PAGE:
Reviewing your progress: Time for a pit stop on your journey to Agile Performance Management

If you've been following our journey to agile performance management, we're almost 70% along the road we set out to travel.

It’s time for a pit stop, to take stock of how far we've come and to regroup for what remains.

Our objective is to change the way that organisations and leaders help their people reach peak performance and to do that we have so far

  • Decided what conversation types and topics we want to institutionalise to support regular feedback conversations
  • Set various frequencies for feedback to match to the rhythm of each part of the business
  • Strengthened individual competency in giving and receiving feedback using growth mindset, relationship and communication styles
  • Found ways to build a movement behind change, using goal gradient effect and leaning in to the natural enthusiasm of early adopters and influencers to spread the feedback habit
  • Identified ways to measure the health of our feedback culture and the quality of conversations
  • Discovered techniques to spot bias and stereotyping, and methods to deal with them when they show up.

That's quite a lot of ground to cover, a lot of resources used, and a lot of change to bed down and perpetuate with each future intake of new people into our organisation.

There are 2 important questions to answer at this pit stop; is it working, and is it sustainable?

In episode one of our journey we looked at the kind of indicators that would define when our journey was 'done'. This pit stop is the time to review those indicators to see if they have been heading in the right direction. It's also a good time to reappraise the indicators you chose at the start. Are they still fit for purpose based on what you now know? And are they tangible enough to show a return on investment in the boardroom so that you have continuing support?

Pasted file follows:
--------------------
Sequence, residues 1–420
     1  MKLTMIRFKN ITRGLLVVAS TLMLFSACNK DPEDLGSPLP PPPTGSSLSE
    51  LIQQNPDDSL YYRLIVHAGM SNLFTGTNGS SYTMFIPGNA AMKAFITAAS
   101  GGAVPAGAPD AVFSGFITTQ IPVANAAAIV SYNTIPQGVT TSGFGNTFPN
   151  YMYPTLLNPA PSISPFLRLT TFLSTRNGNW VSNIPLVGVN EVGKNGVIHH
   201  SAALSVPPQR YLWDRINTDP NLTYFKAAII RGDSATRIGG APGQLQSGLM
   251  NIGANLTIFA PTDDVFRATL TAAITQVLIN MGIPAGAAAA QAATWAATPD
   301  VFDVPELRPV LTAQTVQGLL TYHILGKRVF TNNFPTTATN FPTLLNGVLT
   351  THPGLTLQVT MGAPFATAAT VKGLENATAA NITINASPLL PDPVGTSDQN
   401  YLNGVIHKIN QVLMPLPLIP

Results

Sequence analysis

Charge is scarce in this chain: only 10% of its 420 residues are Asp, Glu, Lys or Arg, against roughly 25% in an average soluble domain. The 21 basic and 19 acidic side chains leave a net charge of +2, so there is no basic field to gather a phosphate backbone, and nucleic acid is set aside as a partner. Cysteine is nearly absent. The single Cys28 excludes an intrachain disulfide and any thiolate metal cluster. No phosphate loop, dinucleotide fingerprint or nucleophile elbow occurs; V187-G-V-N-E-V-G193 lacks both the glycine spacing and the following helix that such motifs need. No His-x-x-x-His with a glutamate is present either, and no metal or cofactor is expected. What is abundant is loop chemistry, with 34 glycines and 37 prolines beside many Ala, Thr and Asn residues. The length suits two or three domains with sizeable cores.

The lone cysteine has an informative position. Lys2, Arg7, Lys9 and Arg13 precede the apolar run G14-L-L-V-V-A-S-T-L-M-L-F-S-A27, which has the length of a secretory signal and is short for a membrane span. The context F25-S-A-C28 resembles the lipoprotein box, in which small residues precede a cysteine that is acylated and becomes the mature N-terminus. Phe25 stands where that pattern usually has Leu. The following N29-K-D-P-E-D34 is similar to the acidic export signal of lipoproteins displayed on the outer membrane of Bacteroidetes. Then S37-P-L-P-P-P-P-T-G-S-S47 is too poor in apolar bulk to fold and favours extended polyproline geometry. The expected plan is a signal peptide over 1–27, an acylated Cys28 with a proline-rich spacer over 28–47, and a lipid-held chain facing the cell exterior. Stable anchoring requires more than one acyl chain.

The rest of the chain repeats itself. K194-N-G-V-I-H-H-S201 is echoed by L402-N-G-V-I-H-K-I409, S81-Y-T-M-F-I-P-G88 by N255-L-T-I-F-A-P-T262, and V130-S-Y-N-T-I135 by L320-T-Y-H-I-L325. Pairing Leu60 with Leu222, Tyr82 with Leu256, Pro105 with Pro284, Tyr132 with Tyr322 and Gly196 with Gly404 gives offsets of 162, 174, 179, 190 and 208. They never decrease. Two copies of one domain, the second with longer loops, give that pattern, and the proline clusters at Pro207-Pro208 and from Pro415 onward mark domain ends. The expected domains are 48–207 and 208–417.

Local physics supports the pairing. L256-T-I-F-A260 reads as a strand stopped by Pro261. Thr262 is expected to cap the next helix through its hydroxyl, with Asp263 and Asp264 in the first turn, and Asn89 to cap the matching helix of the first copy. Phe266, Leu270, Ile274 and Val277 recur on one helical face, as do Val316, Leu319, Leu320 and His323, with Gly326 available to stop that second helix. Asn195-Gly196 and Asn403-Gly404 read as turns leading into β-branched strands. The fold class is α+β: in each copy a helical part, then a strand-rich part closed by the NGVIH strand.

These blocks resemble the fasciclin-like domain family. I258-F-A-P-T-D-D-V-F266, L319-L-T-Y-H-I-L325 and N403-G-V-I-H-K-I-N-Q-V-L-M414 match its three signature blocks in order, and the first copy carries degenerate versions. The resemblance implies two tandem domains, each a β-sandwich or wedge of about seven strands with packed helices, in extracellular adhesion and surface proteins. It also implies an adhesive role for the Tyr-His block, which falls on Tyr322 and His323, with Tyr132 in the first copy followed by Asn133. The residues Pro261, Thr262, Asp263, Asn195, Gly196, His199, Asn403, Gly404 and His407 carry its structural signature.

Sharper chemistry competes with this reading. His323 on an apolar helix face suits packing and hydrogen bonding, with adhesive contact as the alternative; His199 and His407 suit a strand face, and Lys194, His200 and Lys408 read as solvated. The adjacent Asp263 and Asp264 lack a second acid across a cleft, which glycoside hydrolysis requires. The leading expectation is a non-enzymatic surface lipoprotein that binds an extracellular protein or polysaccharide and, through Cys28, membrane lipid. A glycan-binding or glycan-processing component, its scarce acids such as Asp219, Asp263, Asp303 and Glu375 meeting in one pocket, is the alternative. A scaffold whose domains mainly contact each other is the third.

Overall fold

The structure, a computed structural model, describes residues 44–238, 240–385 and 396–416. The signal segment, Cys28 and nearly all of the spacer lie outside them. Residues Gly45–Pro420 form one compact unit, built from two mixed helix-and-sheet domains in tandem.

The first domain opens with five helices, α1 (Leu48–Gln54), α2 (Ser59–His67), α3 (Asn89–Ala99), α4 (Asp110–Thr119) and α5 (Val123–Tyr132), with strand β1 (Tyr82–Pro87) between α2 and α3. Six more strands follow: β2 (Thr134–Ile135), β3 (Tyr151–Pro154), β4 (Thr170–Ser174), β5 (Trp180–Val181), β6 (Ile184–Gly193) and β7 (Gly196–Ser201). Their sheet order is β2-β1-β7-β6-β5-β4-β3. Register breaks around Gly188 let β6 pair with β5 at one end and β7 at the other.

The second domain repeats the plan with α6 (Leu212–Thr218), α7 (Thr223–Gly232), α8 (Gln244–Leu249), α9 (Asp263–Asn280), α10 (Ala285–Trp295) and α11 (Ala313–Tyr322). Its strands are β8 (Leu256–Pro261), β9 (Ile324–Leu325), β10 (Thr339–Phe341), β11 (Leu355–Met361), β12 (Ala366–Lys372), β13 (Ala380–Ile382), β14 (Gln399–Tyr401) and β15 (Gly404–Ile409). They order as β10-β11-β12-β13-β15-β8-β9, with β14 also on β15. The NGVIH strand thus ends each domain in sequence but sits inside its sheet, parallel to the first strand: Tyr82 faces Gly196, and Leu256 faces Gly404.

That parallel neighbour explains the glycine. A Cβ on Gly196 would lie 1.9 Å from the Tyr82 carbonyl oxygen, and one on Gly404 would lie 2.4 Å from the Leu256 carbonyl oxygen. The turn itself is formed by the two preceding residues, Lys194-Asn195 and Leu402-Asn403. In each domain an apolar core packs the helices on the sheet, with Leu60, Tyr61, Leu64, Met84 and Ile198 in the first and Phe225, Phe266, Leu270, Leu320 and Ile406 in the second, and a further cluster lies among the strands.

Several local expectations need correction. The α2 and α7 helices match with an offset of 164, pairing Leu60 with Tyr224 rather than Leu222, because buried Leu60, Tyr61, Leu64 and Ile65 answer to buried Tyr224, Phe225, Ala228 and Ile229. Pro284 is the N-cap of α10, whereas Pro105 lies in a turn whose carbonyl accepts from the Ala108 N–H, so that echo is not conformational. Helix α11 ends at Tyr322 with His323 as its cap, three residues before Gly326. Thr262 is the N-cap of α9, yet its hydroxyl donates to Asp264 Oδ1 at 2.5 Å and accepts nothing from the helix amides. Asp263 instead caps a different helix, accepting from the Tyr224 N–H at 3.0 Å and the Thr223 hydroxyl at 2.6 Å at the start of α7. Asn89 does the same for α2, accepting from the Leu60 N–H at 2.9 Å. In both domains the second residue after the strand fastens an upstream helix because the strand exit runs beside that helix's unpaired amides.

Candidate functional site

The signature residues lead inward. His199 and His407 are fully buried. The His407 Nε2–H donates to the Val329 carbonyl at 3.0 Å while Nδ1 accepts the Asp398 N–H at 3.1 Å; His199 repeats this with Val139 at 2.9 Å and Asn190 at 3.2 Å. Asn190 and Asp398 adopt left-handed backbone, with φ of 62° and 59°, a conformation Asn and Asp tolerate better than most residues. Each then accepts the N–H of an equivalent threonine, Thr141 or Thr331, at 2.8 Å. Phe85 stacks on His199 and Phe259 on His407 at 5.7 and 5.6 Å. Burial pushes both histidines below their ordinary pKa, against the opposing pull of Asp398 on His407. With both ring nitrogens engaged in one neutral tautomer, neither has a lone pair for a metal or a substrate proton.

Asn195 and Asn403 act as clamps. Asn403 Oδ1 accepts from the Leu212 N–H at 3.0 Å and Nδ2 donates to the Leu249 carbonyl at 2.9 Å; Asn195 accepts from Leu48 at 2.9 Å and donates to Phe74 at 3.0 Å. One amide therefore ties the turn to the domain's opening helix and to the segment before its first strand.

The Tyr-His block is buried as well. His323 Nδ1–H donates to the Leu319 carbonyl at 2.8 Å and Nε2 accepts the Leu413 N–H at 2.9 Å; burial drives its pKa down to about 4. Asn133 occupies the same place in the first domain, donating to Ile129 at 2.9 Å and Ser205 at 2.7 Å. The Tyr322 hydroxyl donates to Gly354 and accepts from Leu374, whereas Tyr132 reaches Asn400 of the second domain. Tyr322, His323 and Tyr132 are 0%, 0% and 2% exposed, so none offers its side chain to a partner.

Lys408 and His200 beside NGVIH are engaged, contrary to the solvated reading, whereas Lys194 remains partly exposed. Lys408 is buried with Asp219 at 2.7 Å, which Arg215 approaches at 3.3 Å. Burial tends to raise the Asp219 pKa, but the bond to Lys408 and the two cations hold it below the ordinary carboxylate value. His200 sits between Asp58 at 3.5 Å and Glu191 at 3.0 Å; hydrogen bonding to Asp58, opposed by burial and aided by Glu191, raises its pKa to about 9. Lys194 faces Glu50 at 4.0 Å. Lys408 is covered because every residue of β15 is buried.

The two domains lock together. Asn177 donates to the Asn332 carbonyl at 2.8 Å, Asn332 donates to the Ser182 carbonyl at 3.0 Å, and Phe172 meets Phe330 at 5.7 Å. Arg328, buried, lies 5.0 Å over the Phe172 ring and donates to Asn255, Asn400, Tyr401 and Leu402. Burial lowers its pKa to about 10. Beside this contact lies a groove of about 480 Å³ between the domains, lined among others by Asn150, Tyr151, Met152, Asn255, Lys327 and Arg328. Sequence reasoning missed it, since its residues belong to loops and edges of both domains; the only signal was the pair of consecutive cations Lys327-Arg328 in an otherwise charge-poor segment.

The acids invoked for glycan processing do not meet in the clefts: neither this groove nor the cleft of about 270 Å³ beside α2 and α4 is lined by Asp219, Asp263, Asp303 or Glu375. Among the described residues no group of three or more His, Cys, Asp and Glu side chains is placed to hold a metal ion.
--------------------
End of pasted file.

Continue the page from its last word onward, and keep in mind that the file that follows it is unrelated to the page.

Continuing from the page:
Your transformation journey should be reaching the crossroads where it becomes less about experimentation and discovery and more about execution and refinement of what is getting best results.

Your measures ought to be transferring beyond feel good leading indicators, and into bottom line results.

The kind of results attainable and measurable by the time you are 6-8 months in to performance management transformation are

  • Reduction in attrition, particularly regrettable attrition
  • An uptick in Net Promoter Scores (NPS) and employee Net Promoter Scores
  • Improvement in levels of discretionary effort
  • Reduction in injury, sickness and lost time to injury
  • A raised level of promotion from within and succession options
  • Increased diversity in team composition
  • Increased employee referrals for job vacancies
  • Greater levels and more rapid cycles of process improvement
  • Elevated employer brand, and brand value overall

If it's working, the next concern is sustainability. 

Is it sustainable?

Sustainability is the make or break of transformation versus once off project work. To be sustainable your change needs to become institutionalised; to become the way things get done rather than 'extra work' on top.

It's essential to embed feedback habits into the DNA of the organisation and the way to do this is via natural cues, adding a link to pre-existing processes.